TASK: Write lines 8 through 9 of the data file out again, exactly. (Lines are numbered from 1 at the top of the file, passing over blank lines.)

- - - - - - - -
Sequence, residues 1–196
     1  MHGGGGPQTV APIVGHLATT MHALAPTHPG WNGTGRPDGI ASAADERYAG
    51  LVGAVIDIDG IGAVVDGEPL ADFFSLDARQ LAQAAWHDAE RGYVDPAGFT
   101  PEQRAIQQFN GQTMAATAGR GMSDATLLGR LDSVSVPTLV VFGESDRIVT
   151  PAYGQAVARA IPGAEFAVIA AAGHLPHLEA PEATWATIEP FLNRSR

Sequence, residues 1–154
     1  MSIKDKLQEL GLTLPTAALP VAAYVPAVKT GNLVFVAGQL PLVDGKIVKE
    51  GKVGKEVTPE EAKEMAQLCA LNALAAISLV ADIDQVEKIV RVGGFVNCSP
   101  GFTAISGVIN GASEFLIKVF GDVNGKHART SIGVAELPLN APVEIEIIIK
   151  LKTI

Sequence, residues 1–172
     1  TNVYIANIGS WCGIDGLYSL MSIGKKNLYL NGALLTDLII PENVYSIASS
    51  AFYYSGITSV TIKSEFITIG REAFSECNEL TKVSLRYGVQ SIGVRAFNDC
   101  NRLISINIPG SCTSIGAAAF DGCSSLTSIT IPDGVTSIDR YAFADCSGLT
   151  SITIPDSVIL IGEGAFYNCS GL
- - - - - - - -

    51  GKVGKEVTPE EAKEMAQLCA LNALAAISLV ADIDQVEKIV RVGGFVNCSP
   101  GFTAISGVIN GASEFLIKVF GDVNGKHART SIGVAELPLN APVEIEIIIK